(CNN) – With the housing bust's epicenter as his backdrop, President Barack Obama called Tuesday for a full revamp of the government's involvement in home mortgages, including endorsing a full wind-down of loan giants Fannie Mae and Freddie Mac.
The 2008 government bailout of Fannie and Freddie amounted to one of the most expensive government rescues of the financial crisis, costing billions – a tab the president argued Tuesday should never again be left to taxpayers.
"For too long, these companies were allowed to make huge profits buying mortgages, knowing that if their bets went bad, taxpayers would be left holding the bag. It was 'heads we win, tails you lose.' And it was wrong," Obama said.
Fannie and Freddie - known together as the GSE's, or Government Sponsored Enterprises - sustained massive losses as the housing market went bust, requiring taxpayer bailouts that swelled to more than $187 billion. The companies have since paid the Treasury Department nearly $60 billion in dividends as they've returned to profitability, but it's unclear when they'll be completely free of their obligations and how they'll be managed in the future.
The two firms - which don't directly issue mortgages, but rather buy loans from other lenders and repackage them for investors – have a hand in more than half of current U.S. mortgages.
Back in 2006, just 30% of new mortgages were backed by the government, according to Inside Mortgage Finance. But as the housing sector cratered, private capital fled the market and the government's role expanded. In 2012, more than 86% of new mortgages had government backing.
On Tuesday, Obama called for more private backing of mortgages – a notion the president joked "sounds confusing to the folks who call me a socialist." He argued the government should only assume responsibility for mortgages as a last resort, and that bailouts for firms who were overly risky in their lending practices were a thing of the past.
"We can't leave taxpayers on the hook for irresponsibility or bad decisions by these lenders or Fannie Mae and Freddie Mac," he said. "We've got to encourage the pursuit of profit – but the era of expecting a bailout after you pursue your profit and you don't manage your risk well - it puts the whole country at risk. We're ending those days. We're not going to do that anymore."
A Senate plan, introduced in June by Republican Bob Corker and Democrat Mark Warner, would eliminate Fannie and Freddie and replace them with a new agency insuring mortgage-backed securities. Obama said Tuesday he supported those efforts.
He also called for a return to the 30-year fixed rate mortgage, considered a safe bet for homeowners compared to more exotic loans employed before the housing crisis.
His remarks in Phoenix marked a return to the city for Obama, who trekked there in 2009 to offer up a housing plan amid a nationwide plummet in home prices. Phoenix was one of the country's hardest-hit municipalities - residents saw the price of homes slashed by more than half and the foreclosure rate skyrocketed.
The past several years have seen an increase in home prices in Phoenix, though they still are well below their 2006 pre-crash high.
Obama's administration has tried to help underwater borrowers – those who owe more than their homes are worth – through the Home Affordable Modification Program, or HAMP.
But that initiative has been limited in its effectiveness over the past few years, securing principal reductions for less than 120,000 borrowers as of the end of 2012, and it limits such reductions to mortgages that aren't controlled by mortgage financing giants Fannie and Freddie. Obama Tuesday called on Congress to allow all homeowners the opportunity to refinance at current rates.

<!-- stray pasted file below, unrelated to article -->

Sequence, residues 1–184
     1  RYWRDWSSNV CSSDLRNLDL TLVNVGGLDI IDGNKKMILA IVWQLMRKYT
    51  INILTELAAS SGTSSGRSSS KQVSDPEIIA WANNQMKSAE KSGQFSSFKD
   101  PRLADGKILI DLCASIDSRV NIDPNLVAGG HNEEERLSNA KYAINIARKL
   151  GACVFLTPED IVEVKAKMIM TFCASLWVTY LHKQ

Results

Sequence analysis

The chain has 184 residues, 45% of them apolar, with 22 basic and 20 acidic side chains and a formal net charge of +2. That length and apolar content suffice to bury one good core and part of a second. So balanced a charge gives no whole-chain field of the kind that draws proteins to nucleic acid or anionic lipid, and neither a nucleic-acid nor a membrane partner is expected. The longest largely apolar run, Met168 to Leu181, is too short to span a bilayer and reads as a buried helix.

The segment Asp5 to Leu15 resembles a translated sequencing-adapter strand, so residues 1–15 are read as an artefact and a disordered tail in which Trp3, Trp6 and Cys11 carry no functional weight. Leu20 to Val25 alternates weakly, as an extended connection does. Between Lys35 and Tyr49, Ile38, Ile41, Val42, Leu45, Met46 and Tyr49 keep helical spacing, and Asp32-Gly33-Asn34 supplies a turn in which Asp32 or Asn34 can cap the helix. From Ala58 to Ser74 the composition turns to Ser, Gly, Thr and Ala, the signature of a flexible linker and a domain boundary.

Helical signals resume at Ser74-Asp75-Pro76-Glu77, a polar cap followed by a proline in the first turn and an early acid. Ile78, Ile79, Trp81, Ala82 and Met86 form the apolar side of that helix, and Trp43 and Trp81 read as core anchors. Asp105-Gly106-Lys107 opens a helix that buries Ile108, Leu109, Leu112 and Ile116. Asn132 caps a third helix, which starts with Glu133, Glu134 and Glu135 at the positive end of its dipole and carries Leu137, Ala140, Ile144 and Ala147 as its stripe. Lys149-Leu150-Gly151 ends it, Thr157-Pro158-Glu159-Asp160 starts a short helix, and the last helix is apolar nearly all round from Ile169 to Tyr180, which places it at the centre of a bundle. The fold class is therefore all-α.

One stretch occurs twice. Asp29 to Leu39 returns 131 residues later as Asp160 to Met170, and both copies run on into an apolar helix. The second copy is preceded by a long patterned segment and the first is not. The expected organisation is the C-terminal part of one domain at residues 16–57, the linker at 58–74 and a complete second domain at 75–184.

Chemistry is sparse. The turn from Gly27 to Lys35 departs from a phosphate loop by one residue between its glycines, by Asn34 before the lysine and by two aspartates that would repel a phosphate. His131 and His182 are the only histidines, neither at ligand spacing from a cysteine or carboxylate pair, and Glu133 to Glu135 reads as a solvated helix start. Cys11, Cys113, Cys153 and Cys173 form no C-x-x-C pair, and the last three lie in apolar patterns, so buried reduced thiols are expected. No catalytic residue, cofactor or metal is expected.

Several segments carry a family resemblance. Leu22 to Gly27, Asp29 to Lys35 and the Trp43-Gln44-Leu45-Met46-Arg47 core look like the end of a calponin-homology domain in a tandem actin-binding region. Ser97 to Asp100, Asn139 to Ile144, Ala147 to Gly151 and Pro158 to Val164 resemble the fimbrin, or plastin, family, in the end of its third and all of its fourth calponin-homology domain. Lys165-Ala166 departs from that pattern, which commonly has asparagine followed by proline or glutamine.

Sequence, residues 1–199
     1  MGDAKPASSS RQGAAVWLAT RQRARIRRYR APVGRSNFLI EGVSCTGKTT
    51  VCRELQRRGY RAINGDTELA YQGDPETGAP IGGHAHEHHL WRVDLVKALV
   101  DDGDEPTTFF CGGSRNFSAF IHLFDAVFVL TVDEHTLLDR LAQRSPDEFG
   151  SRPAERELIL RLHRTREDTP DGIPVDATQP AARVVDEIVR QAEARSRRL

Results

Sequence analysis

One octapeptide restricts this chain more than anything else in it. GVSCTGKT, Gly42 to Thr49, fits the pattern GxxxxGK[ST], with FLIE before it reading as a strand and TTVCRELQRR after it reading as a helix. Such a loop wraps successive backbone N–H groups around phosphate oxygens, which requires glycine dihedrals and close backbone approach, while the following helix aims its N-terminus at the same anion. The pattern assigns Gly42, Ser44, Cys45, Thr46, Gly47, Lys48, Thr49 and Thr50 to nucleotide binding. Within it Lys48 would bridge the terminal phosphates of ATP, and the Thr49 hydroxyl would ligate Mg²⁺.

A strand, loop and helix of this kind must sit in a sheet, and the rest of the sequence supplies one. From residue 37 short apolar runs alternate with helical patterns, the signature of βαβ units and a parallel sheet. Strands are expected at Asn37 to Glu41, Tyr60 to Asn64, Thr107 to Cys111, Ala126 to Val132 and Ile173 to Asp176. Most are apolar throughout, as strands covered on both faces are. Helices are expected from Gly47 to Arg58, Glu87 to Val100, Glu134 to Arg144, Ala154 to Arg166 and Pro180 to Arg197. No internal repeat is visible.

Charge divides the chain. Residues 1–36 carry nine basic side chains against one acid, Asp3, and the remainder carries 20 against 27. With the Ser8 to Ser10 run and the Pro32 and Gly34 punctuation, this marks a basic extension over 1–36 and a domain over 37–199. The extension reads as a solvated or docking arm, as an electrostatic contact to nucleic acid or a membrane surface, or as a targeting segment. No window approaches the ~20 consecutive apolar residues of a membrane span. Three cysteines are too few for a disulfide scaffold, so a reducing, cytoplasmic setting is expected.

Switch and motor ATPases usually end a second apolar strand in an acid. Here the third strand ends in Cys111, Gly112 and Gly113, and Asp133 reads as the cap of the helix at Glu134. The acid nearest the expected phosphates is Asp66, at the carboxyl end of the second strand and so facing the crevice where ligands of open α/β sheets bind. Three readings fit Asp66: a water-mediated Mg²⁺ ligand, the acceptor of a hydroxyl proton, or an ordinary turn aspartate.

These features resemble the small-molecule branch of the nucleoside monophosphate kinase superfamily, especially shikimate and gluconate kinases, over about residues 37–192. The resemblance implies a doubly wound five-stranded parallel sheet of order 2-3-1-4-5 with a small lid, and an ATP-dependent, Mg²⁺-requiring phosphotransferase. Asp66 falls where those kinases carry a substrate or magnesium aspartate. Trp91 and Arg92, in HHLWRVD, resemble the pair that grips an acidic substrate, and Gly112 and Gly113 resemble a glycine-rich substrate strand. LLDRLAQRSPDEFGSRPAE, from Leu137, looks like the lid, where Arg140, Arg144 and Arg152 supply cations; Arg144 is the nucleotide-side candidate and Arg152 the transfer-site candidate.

The stop in Phoenix Tuesday is the latest in a series of trips the president has made over the last two weeks to advance his economic agenda. At an event in Tennessee last week, Obama called for a new "grand bargain" that would revamp the corporate tax code while investing in job creation initiatives.
He was greeted at the airport by Arizona's Republican Gov. Jan Brewer, who angrily shook her finger at Obama at the start of a 2012 presidential stop in her state.
Her greeting this time around was more cordial, and the governor's office said Brewer planned to ask the president to allocate federal disaster funds to the area affected by the Yarnell Hill fire, where 19 firefighters perished on a single day in June.
CNNMoney's James O'Toole contributed to this report.
Since the GOP liked this idea before and now Obama does, anyone want to bet how long it takes the House to be against it?
More empty promises. Sounds good? How praytell? Replacing FMx2 with "a new agency insuring mortgage-backed securities" its the SAME thing people. If the gov't is "insuring" it, then the taxpayer will still be on the hook. Just kicking the can IMHO.
Wow! Replace Freddie/Fannie with another agency! If Government had not forced Freddie/Fannie to issue loans to people who could not afford even 3.6% payments these agencies would not lose so much money. Even after the collapse, their loss would be much lower if Government had not forced them to buy 80% of the mortgages issued since 2008. Obama is trying to find a way where Private Capital (Our 401K, Pension/Retirement Funds, Roth IRAs, Mutual Funds etc.) takes all the risk and Government can still help people into houses they can't afford!
Great idea, but the result will be higher rates and lower home prices. Good for some, not good for most others. These agencies create liquidity – in other words a large supply which lower rates. Without them rates will rise substantially and home prices will drop. If your not underwater and plan to keep your home, you're in good shape. If you need to sell in the future, you will not like the result!